Drivers of the LawTech Market in China

There are exciting “lawtech” or “legaltech” developments in China today, which are motivated by government initiatives, the state of the legal system and legal profession, and social and consumer trends. Essentially, there are five driving factors behind these developments.[i]

  1. Government support – The Chinese government leads the world onthe scale of adoption of online dispute resolution. There are internet courts in Beijing, Guangzhou and Hangzhou to try e-commerce, consumer credit, copyright, domain names and other disputes. Online judicial processes include initial filing, evidence exchange, and live-streaming of judgment. The Hangzhou internet court is also safeguarding digital evidence with blockchains. The Supreme People’s Court has rolled out legal research and sentencing recommendation systems to assist judicial personnel. In Beijing, there are self-service portals for court users to understand and assess their litigation risks. Portals are established in Shenzhen, Shandong and Zhejiang to receive filings and handle minor court procedures around the clock.
  2. Public demand – The public need for low-cost and easily accessible legal services is enormous. China has over 360,000 lawyers (lawyer-to-permanent resident ratio of 1:4,500;  the ratio in the US is 1:300). Nearly 23 million court cases were registered nationwide in 2017 (about 5.6 million cases in 2007). Public demand has well-exceeded resources available, exerting great pressures on courtroom efficiency and judicial personnel turnover.
  3. Proliferation of new laws and informational resources – The Chinese legal system is evolving quickly with regular promulgation of new laws, regulations and guidelines. The government website “Legal Services of China” and hundreds other online services have helped the public to find legal information and lawyers. The growth in digitization legal resources provides foundation for further lawtech innovations.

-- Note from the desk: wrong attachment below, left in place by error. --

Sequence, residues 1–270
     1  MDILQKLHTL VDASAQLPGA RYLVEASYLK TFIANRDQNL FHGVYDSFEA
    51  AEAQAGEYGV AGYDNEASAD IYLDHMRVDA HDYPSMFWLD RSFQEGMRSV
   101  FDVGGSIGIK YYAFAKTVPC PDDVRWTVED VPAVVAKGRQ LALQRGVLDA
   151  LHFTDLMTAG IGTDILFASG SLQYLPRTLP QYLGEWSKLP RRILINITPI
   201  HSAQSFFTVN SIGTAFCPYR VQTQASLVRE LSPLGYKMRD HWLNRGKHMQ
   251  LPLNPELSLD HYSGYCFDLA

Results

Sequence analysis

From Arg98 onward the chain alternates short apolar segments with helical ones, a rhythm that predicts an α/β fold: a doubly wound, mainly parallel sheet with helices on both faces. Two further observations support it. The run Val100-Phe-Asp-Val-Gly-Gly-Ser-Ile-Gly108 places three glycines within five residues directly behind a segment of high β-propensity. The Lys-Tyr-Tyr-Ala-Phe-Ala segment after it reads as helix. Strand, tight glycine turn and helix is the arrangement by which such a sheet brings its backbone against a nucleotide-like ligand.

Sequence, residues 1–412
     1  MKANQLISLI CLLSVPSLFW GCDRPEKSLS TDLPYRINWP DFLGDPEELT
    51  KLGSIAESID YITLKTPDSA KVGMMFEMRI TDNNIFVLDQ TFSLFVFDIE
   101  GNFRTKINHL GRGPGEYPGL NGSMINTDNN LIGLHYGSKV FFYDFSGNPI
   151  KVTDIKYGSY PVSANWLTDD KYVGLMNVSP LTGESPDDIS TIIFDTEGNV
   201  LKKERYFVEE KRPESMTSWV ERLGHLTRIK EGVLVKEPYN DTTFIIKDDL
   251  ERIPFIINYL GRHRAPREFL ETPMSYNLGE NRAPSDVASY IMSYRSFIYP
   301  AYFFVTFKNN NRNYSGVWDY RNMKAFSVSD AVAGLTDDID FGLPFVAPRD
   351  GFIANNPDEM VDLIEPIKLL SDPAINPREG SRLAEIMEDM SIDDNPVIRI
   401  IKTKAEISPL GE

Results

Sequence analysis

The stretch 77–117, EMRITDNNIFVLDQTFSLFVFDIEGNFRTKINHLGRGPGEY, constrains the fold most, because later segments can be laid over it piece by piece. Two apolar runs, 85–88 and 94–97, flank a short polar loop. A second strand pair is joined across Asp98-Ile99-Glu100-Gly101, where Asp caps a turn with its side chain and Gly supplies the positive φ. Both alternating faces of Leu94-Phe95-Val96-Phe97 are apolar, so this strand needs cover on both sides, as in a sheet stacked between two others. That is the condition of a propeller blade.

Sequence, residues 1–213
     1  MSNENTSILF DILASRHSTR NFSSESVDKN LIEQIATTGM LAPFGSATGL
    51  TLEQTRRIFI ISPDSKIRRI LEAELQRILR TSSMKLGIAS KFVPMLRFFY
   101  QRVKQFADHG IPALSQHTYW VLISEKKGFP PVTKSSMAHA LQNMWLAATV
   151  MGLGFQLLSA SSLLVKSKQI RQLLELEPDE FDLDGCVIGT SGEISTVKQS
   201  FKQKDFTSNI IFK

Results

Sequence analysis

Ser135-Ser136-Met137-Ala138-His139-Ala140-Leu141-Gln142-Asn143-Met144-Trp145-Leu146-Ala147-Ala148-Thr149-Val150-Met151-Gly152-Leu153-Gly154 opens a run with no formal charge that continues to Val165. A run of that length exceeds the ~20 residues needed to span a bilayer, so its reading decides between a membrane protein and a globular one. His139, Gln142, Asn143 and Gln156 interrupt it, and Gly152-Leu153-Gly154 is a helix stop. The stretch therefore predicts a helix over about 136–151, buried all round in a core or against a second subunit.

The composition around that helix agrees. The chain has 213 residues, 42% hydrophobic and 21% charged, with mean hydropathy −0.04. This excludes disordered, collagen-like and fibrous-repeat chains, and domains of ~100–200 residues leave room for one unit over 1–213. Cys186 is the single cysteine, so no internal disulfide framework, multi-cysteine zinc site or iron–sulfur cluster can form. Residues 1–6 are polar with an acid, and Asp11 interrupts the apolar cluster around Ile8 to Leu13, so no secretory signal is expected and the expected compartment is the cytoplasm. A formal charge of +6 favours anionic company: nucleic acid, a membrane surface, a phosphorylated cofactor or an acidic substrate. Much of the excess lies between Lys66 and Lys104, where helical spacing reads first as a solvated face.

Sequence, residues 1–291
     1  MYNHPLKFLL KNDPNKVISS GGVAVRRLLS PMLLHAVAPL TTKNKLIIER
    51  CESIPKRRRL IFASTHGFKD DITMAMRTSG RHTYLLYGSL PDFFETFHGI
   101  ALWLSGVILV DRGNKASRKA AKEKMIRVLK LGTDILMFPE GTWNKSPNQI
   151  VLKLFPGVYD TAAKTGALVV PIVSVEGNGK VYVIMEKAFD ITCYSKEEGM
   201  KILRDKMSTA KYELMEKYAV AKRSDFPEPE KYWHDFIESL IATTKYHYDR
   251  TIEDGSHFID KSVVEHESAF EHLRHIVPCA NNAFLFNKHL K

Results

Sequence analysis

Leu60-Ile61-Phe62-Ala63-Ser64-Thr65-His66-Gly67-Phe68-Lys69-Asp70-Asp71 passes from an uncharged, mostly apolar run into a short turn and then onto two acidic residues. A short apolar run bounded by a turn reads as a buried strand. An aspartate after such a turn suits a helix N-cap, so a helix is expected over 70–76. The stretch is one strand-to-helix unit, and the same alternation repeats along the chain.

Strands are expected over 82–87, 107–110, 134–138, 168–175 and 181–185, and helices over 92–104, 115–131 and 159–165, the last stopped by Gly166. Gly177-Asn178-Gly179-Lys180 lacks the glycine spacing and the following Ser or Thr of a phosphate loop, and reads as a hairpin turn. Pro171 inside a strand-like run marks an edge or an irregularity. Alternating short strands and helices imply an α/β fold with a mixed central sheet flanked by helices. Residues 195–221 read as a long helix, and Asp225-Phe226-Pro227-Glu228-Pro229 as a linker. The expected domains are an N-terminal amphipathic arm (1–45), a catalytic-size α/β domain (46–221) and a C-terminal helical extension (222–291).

4. The “blank-slate” effect – The modern Chinese legal profession is about 30 years old. Many Chinese attorneys are quite entrepreneurial and willing to adopt technology to remain commercially competitive. There are homegrown lawtech vendors, developing A.I. powered products to enhance transactional, regulatory and contentious practices.
  5. Smartphone culture – Chinese people expect to conduct virtually all aspects of their daily lives on smartphones, including the seeking of legal services. In the app stores of Apple and WeChat, there are many mobile app services for download, which connect Chinese users with lawyers from different provinces, specializing in various common practice areas.


Despite the ubiquity of digital transformation, linguistic, legal and regulatory differences still present strong barriers. Without significant and strategic localization efforts, lawtech products customized for enhancing jurisdiction specific processes could struggle to move into other markets where differences in laws and regulations impact massively on the business and operational models. These are difficulties faced by Chinese vendors considering outbound expansion and overseas vendors entering China. Western vendors have been generally slow to adapt natural language processing technologies for Chinese, Japanese or Korean languages.

This article covered supply and demand-side drivers impacting the Chinese lawtech market. Practitioners in Hong Kong increasingly work with Mainland law firms, many of which utilize Chinese lawtech. As such, in spite of the lack of international coverage of Chinese lawtech, the Hong Kong legal profession should be well aware of innovations transforming legal services in China.

[i] For research details, see S Ko, “5 factors driving the Chinese lawtech boom,” Agenda (April 1, 2019)….


Co-Founder & Chief Operating Officer, DHB Global (Hong Kong, CHN)

Sebastian is a lawtech and regtech expert. He was formerly senior legal counsel and Asia regional head of e-discovery review at a global leading legal technology solutions company. Previously, he practised financial regulatory law and commercial dispute resolution in international firms. He is a community organiser of lawtech and techlaw events, including the first Access to Justice Hackathon in Asia. He is a member of the InnoTech Committee of the Law Society of Hong Kong. He holds degrees in science and law, including the Bachelor of Civil Law (Oxon), and is legally qualified in Hong Kong, New York and at the U.S. Supreme Court.